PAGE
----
Isole e Elena | 538 Wine Notes

Chianti Classico DOCG 2014

Wine is deeply embedded in Tuscany’s cultural heritage. Legislation delimiting the Chianti zone dates to 1716. The first DOC and DOCG zones to be authorized in Italy were Tuscan. Wine and commercial agriculture are big business in Tuscany, and the hills are a patchwork of olive tree groves, vineyards, and wheat fields—a natural evolution of the agriculture that ancient Romans practiced.


In the past, Chianti was synonymous with Italian wine—and a reminder, not unfairly, of its troubled quality. Historically bottled in a fiasco due to the inferior quality of Italian glass, the squat, straw-covered Chianti bottles came to epitomize the rustic, cheap nature of Italian wine in the late 1960s, ‘70s, and ‘80s. Tuscany’s winemakers have responded with a surge in quality over the last quarter century, slashing vineyard yields, replanting superior clones of Sangiovese, and improving vineyard and winery equipment and practices. Nonetheless, today Tuscany stands at the forefront of both quality winemaking in Italy.

Isole e Olena came about in the 1950s when two adjoining estates, 'Isole' and 'Olena', were purchased by the De Marchi family and combined to form one property. The history of both estates dates back many hundreds of years, with the earliest documentation of the village of Olena in the 12th century. Isole e Olena lays claim to some of the most prized vineyards in the region and have created some of the region’s top wines. The estate plants 50 hectares of vines, reaching altitudes of nearly 400 meters above sea level, receiving an average of 35 inches of rainfall, annually. The soils consist of a mix of limestone, clay slate and limestone, locally named ‘Galestro’, which allows for sufficient drainage in times of heavy rain and retain moisture during droughts. For the past 25 years, the estate has experienced an extensive replanting project including research on clonal selection, density of planting, soil mapping and vineyard management techniques.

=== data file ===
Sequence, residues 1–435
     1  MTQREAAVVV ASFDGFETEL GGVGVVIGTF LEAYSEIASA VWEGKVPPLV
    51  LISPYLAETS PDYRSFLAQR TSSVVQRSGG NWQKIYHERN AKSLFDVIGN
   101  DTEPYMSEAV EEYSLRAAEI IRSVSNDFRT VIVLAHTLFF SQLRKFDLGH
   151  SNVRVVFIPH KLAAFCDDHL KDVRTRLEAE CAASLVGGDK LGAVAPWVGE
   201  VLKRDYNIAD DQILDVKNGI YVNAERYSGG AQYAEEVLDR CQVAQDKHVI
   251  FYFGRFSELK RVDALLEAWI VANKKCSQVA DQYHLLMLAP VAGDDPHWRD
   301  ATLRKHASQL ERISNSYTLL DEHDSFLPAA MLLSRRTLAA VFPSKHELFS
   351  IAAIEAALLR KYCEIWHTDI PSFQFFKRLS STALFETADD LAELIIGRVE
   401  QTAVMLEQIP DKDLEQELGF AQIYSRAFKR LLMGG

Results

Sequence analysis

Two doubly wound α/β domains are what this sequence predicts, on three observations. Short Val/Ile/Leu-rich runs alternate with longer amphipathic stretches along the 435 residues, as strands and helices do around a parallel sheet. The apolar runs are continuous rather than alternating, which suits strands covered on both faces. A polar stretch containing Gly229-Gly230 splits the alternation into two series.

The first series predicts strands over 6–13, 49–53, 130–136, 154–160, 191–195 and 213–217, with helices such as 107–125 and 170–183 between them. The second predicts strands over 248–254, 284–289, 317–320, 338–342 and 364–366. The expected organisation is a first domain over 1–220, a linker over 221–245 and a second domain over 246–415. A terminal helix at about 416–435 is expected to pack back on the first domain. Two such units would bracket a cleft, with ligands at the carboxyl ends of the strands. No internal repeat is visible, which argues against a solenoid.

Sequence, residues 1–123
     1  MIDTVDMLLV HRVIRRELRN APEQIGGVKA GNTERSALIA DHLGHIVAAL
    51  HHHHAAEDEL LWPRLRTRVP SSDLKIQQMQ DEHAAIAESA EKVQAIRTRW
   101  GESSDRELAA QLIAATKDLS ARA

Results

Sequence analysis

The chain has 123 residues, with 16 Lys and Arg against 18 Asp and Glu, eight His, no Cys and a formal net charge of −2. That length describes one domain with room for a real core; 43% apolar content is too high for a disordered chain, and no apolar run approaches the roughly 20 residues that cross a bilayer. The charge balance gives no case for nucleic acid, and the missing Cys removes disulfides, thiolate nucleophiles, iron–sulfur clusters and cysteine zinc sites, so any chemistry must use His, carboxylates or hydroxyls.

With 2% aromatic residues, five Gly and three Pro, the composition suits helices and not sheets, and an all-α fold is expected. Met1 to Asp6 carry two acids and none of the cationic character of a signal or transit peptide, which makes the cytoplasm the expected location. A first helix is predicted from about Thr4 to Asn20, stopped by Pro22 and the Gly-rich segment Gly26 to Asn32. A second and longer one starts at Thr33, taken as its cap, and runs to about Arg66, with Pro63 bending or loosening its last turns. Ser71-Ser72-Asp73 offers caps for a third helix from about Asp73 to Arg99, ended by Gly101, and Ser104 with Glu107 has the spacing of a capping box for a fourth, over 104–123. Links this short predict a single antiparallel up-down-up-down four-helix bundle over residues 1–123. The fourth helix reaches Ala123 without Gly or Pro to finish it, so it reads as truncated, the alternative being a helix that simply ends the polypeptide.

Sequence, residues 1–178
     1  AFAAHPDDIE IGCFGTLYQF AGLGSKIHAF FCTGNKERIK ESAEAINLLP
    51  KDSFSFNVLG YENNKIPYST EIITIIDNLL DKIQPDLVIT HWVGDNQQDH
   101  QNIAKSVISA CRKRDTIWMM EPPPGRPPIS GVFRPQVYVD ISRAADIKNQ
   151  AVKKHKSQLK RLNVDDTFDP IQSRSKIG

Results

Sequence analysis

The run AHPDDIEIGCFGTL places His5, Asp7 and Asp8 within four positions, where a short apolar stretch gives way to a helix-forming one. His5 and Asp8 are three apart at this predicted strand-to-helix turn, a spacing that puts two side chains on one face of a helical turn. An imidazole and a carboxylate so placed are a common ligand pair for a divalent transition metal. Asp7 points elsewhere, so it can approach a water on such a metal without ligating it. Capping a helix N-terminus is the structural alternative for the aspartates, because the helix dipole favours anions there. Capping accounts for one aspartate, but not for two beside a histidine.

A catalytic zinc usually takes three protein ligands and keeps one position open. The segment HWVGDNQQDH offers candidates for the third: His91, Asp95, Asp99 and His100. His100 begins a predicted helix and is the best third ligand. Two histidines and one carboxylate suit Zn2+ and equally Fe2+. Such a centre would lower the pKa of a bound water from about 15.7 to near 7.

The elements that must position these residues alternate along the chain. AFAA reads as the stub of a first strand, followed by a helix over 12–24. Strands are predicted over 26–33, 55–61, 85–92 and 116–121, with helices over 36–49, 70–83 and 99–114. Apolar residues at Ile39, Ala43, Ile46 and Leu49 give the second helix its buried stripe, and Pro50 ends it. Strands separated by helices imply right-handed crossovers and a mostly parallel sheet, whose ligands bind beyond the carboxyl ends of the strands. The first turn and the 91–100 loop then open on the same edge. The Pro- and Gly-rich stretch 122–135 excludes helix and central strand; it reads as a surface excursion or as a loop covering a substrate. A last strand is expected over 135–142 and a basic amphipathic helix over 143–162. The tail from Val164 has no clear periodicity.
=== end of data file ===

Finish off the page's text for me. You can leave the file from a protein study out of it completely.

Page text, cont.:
The Chianti Classico blend, itself, contains 80%Sangiovese, 15% Canaiolo, and 5% Syrah, estate-grown, hand-harvested grapes that are fermented in temperature-controlled stainless-steel tanks with approximately 15 days maceration. During fermentation, racking and pumping-over takes place twice a day. After the malolactic fermentation, the wine is racked into barrels and 4,000 liter casks where it matures for about one year.

The Isole e Elena Chianti Classico 2014 has a deep ruby colour with aromas of cherries, raspberries, and red plums, roses, dried herbs, and anise spice. This Chianti shows great balance and drinkability with a lively acidity to pair with wide range of foods, including tomato dishes, pork dishes, roasted eggplant and olive oil, pizza, beef ragu, Italian charcuterie, and hard cheeses.

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